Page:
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Reviewed by:
  • Ten Days in the Hills
  • Ellen Akins (bio)
Jane Smiley , Ten Days in the Hills (New York: Knopf, 2007), 449 pp.; Claire Messud, The Emperor's Children (New York: Knopf, 2006), 431 pp.

Carry around Claire Messud's latest book, The Emperor's Children, and you're likely to hear, from anyone who pays attention to such things: "Is it good? Do you like it? Everyone did." The novel is a little, one-volume literary celebrity, and one might well wonder why. It may be fruitless to ask why some books—and some authors—become the darlings of the critical press, that arm of publishing that canonizes what has already been anointed by another branch of the literary industry. But what about the books themselves? How do they carry their cultural freight? Is there something about the shape or features or substance of a book like The Emperor's Children that identifies it as an exemplar of the "literary" novel of our day? [End Page 355]

And what of a "literary" author like Jane Smiley, whose books it's safe to admire even if your not-so-discriminating sister reads them? After fictional forays into farm life and academia, horse racing and real estate, Smiley has entered, most recently, the culture of filmmaking. Her novel, Ten Days in the Hills, and Messud's The Emperor's Childrean, arriving at virtually the same time and both making structural use of a significant current event, present an opportunity to consider that mysterious territory where the literary and the popular, the historical and the contemporary, the promotional and the critical uneasily meet.

In Smiley's book, the real-life event is the onset of the Iraq War. Retreating to the Hollywood hills to avoid the unbearable news, Smiley's ten characters discuss and argue, somewhat exhaustively, the politics and policy of the moment. And, invariably, they talk about sex—as if, perhaps, between current affairs and affairs of the heart there is a natural connection. Such a connection is clearer in Smiley's model, Boccaccio's Decameron, in which ten people remove to a villa in Italy, escaping the Black Plague, and tell stories of love, one each for ten days; this is, manifestly, putting love in the way of death. Smiley's people, however, go first to one Hollywood mansion and then to another to escape the Iraq War and tell stories of love to each other, and have sex of one kind or another, and talk about sex, until they go home. The implied analogy, of a plague to a war brought on by human folly, is not a felicitous one, but it does raise a good question, which the book briefly engages: what exactly can we do about such matters?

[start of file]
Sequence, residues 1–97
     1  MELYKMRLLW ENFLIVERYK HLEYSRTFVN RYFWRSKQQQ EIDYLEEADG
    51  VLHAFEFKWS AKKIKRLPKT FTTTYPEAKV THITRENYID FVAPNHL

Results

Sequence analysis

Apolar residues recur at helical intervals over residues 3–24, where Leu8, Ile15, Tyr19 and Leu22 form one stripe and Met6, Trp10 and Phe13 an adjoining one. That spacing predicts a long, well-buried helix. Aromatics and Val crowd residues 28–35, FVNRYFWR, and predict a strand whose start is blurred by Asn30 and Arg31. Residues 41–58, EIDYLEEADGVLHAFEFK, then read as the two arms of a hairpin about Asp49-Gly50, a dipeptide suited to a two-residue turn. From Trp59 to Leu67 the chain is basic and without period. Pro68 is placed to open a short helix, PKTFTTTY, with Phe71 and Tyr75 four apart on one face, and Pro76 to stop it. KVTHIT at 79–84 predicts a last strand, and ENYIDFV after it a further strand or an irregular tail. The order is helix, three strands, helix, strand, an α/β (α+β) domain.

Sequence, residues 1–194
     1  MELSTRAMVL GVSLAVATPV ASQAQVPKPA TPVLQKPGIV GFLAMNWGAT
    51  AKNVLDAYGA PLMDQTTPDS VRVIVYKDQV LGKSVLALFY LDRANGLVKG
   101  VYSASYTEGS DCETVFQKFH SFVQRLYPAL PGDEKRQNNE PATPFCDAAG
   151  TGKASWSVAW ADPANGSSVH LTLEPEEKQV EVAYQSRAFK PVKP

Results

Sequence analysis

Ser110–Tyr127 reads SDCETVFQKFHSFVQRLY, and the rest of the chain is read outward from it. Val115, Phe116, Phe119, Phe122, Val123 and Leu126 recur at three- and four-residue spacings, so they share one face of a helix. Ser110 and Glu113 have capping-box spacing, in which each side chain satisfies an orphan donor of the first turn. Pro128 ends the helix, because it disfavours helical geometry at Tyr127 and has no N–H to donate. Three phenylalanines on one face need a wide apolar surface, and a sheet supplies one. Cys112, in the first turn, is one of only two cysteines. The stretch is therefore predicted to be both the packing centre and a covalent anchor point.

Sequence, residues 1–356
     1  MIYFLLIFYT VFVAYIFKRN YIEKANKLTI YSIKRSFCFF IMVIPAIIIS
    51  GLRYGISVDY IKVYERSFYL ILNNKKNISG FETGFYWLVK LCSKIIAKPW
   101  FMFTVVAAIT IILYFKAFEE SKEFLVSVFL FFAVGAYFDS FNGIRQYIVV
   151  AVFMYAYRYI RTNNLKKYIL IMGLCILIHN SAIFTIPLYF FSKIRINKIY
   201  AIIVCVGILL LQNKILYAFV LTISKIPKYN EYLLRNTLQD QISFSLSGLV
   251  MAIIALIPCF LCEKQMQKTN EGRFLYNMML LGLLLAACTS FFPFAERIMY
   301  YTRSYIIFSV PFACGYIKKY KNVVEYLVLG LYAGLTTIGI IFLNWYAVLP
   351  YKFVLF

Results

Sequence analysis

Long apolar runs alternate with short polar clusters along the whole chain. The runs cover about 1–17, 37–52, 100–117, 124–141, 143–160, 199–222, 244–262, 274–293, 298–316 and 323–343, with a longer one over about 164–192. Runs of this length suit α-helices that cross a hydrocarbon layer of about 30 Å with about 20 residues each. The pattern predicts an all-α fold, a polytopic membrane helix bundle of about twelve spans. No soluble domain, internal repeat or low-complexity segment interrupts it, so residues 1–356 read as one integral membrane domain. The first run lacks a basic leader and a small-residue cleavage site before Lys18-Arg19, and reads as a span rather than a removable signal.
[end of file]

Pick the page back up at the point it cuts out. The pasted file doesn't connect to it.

The book's answer, though I'd be reluctant to call it Smiley's answer, is: nothing. The Iraq War, so exercising the woman we'd likely call the main character, Elena, beats the plague for opportunities for opinion, of course, but also renders that very same opinion-making and -stating quite fatuous. Elena's lover, moviemaker Max, says to her at one point, "You've done everything you could. You've protested and voted and marched and written letters to the editor. You've subscribed to progressive newsletters and magazines. You've signed petitions and . . . You've sent money and you've made signs." What's a citizen with liberal convictions—or, really, any convictions—to do? The question resonates, sometimes softly, sometimes with a true clunky clang, through this book, which is, finally, a novel about the value of conversation and the usefulness of discourse and the possibility of activism in a supposed democracy like our own. In response, we have characters like Elena alternately paralyzed and ineffectually eloquent; Max planning My Lovemaking with Elena, a movie something like My Dinner with Andre; Max's ex, "the pop icon and sex goddess Zoe Cunningham"; Zoe's current paramour, a "healer" who's convinced her that she's a reincarnated deity; and Charlie, a school friend of Max's, who in reality would never be a member of this party, but is needed as the lone conservative...